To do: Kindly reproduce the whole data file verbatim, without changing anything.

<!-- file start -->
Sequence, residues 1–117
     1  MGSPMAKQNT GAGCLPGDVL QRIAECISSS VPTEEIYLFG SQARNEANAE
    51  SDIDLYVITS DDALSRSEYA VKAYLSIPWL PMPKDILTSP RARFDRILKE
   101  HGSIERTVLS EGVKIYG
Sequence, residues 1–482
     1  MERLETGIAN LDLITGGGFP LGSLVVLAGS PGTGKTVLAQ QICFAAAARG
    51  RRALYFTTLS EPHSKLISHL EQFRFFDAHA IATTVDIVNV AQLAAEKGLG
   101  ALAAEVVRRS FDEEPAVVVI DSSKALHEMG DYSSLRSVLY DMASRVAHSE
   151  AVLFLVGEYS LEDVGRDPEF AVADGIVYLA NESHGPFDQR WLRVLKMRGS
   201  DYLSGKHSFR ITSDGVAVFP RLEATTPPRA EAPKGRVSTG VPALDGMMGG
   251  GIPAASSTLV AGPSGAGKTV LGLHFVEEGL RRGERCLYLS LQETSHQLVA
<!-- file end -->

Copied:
Sequence, residues 1–117
     1  MGSPMAKQNT GAGCLPGDVL QRIAECISSS VPTEEIYLFG SQARNEANAE
    51  SDIDLYVITS DDALSRSEYA VKAYLSIPWL PMPKDILTSP RARFDRILKE
   101  HGSIERTVLS EGVKIYG
Sequence, residues 1–482
     1  MERLETGIAN LDLITGGGFP LGSLVVLAGS PGTGKTVLAQ QICFAAAARG
    51  RRALYFTTLS EPHSKLISHL EQFRFFDAHA IATTVDIVNV AQLAAEKGLG
   101  ALAAEVVRRS FDEEPAVVVI DSSKALHEMG DYSSLRSVLY DMASRVAHSE
   151  AVLFLVGEYS LEDVGRDPEF AVADGIVYLA NESHGPFDQR WLRVLKMRGS
   201  DYLSGKHSFR ITSDGVAVFP RLEATTPPRA EAPKGRVSTG VPALDGMMGG
   251  GIPAASSTLV AGPSGAGKTV LGLHFVEEGL RRGERCLYLS LQETSHQLVA